A Conversation between Norman Rosenthal & Robert Grunenberg
Palm trees are symbolic mutants. They cushioned Jesus’s donkey ride to Jerusalem, lined the streets of Los Angeles’s televised police chases, and became the torch for the tanned leisure class. Between April 27 and June 30, the most recognizable tree on Earth is presented at Salon Dahlmann and Robert Grunenberg Berlin. “Paradise Is Now. Palm Trees in Art” features palmy works from artists like David Hockney, Simon Speiser, Ed Ruscha, John Baldessari, Alicja Kwade, Secundino Hernández, and Raf Simons. As the exhibition’s curators Robert Grunenberg and curator Norman Rosenthal discuss in this interview, the perennial plant casts a mercurial shadow, rolling through happiness, devastation, and decadence.
Robert Grunenberg: I wanted to start with a personal question. What is your idea of happiness?
Norman Rosenthal: (…)
Norman Rosenthal: What is yours?
Robert Grunenberg: Being with loved ones and music – music is perfect happiness.
Robert Grunenberg: Why do you think there is a longing for a place like paradise?
Norman Rosenthal: We all want a better world, don’t we? We all want a world of peace, we all want a world of plenty, we all want a world of pleasure, all those things. Peace, plenty, pleasure – three Ps, if you like, as I would call them at this moment. And maybe palm trees are a very good symbol of that for all sorts of different reasons. One looks at David Hockney’s pictures of paradise in Los Angeles, which is definitely at least an illusion of peace, plenty, and pleasure.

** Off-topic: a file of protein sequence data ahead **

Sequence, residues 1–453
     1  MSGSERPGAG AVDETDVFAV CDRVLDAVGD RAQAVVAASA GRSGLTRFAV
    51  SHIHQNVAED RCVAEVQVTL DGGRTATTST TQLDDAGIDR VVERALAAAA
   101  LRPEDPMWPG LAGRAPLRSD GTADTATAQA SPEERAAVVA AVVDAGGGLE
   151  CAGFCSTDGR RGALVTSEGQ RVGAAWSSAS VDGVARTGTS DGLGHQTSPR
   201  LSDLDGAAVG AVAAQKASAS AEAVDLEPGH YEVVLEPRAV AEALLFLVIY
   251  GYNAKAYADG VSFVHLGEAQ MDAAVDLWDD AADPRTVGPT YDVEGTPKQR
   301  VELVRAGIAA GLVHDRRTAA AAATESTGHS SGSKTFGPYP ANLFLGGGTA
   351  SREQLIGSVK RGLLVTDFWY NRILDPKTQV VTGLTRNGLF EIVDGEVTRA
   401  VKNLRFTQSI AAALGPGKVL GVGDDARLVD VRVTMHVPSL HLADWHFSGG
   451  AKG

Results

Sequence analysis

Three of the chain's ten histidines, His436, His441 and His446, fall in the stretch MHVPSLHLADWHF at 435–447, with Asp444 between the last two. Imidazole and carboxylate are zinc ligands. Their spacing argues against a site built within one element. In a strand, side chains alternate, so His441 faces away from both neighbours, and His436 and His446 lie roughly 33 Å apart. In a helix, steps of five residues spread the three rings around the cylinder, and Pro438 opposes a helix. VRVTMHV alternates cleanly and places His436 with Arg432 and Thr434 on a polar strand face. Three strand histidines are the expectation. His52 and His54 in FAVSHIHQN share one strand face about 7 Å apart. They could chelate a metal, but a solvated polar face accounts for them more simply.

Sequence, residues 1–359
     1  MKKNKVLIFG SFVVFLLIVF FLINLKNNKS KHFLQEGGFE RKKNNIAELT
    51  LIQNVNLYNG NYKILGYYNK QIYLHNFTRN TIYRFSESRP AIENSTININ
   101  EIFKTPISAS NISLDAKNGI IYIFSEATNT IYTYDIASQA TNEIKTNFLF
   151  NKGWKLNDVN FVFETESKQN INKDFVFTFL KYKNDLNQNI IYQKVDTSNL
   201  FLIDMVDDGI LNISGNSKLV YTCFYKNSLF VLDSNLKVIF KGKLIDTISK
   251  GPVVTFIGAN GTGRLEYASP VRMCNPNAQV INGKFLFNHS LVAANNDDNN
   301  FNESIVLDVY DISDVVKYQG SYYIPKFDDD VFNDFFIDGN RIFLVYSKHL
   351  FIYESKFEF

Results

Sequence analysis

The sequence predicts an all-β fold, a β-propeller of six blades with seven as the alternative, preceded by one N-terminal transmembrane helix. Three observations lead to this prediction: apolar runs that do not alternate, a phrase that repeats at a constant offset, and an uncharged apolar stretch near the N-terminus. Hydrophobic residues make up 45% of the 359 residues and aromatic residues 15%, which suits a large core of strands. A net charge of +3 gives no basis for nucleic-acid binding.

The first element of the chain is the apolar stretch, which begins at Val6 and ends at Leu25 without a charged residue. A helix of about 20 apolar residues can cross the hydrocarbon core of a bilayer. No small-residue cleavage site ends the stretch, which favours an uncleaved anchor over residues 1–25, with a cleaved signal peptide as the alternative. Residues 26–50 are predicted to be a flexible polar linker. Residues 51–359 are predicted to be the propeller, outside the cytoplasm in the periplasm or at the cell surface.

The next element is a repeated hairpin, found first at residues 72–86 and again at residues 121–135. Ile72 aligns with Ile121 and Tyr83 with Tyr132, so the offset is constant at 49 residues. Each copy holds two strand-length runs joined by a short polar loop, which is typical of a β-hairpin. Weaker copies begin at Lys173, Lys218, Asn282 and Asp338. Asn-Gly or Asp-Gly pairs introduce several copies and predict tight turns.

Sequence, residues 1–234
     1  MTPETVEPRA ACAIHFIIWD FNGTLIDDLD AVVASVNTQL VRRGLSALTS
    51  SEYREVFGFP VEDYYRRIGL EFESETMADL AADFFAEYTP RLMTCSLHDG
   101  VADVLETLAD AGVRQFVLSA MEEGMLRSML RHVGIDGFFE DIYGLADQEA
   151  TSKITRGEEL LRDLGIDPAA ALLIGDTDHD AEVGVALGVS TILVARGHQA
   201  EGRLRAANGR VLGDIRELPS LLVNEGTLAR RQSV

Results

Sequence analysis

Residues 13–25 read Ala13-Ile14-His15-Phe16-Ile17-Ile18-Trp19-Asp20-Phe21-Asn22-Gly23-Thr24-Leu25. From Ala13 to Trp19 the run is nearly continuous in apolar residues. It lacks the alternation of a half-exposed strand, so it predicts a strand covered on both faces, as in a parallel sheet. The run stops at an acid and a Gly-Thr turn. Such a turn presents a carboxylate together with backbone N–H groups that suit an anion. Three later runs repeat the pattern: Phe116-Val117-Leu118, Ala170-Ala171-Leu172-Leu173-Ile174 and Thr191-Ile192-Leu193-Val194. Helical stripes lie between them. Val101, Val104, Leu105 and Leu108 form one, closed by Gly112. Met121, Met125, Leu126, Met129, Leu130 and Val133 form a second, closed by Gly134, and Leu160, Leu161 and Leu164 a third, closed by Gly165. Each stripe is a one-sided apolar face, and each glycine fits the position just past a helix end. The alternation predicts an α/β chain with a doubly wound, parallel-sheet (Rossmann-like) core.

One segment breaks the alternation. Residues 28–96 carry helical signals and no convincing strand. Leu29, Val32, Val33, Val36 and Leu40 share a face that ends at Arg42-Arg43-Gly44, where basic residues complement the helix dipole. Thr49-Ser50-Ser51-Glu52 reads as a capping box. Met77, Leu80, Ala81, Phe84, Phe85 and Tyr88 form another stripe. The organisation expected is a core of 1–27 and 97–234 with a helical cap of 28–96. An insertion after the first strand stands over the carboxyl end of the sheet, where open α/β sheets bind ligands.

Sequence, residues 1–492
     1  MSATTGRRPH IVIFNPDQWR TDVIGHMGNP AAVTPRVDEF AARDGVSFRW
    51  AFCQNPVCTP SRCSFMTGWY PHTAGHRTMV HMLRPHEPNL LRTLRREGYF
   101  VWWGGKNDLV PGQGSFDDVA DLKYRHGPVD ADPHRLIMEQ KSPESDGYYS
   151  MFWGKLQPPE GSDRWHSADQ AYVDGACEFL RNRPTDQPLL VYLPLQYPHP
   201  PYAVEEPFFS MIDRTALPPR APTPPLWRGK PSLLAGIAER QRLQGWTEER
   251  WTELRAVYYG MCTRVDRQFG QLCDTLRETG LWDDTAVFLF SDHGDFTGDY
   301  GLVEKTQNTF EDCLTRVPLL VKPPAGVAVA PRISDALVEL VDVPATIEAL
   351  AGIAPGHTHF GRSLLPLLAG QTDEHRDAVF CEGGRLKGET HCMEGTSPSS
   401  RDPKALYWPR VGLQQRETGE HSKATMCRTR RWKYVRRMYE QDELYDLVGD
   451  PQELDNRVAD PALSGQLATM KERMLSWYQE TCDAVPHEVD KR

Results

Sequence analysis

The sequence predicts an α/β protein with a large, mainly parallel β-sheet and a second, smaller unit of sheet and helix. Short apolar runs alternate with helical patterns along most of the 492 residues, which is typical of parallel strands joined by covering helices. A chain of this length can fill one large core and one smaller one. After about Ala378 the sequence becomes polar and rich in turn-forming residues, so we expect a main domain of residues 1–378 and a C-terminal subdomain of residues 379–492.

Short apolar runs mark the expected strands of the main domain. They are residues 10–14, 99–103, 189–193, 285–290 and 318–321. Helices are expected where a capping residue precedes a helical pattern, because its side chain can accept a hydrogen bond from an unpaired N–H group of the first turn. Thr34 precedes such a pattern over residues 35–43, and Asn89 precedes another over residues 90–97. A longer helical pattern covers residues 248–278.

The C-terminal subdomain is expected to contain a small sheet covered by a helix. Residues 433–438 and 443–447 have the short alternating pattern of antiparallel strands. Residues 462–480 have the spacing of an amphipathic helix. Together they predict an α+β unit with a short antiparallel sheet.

Robert Grunenberg: Art takes you away. It can have an escapist power. The palm tree as a symbol encapsulates this idea of “Fernweh,” a longing for distant places.
Norman Rosenthal: I agree, and would add that the palm tree is one of the very best symbols for that hope and one of the best emblems for that state of paradise. Palm trees and references to them occur throughout the visual and literary remnants of all the ancient Mediterranean cultures, from Sumer to Egypt and beyond, down to our own times. The very first depictions go back to Egyptian and Greek ornament. They usually represent luxury and triumph – witness the famous “entry into Jerusalem,” Palm Sunday, with everyone waving palm tree branches.
Norman Rosenthal: Do you know of the earliest depiction of paradise where palm trees played a role?
Robert Grunenberg: Notions of paradise are cross-cultural and difficult to date. They go back to the old Egyptian beliefs of an otherworld called Aaru. Ideas of paradise are often depicted with pastoral imagery and may be cosmological or eschatological. In paradise, there is only peace, prosperity, and happiness, a “higher place,” the holiest place, in contrast to the world, underworld, or hell. In classical Greek you find the Elysian fields, a land of plenty where the heroic dead hoped to spend eternity. The word paradise goes back to the old Iranian word “paridayda,” “walled enclosure.” Which could be connected to the idea of the Garden of Eden, that later in medieval time was called “Hortus Conclusos.” Palm trees appear in many art historical depictions of Eden.
Robert Grunenberg: The palm tree, nowadays, in a world that is mostly secularized, still keeps a promise of happiness. Would you agree?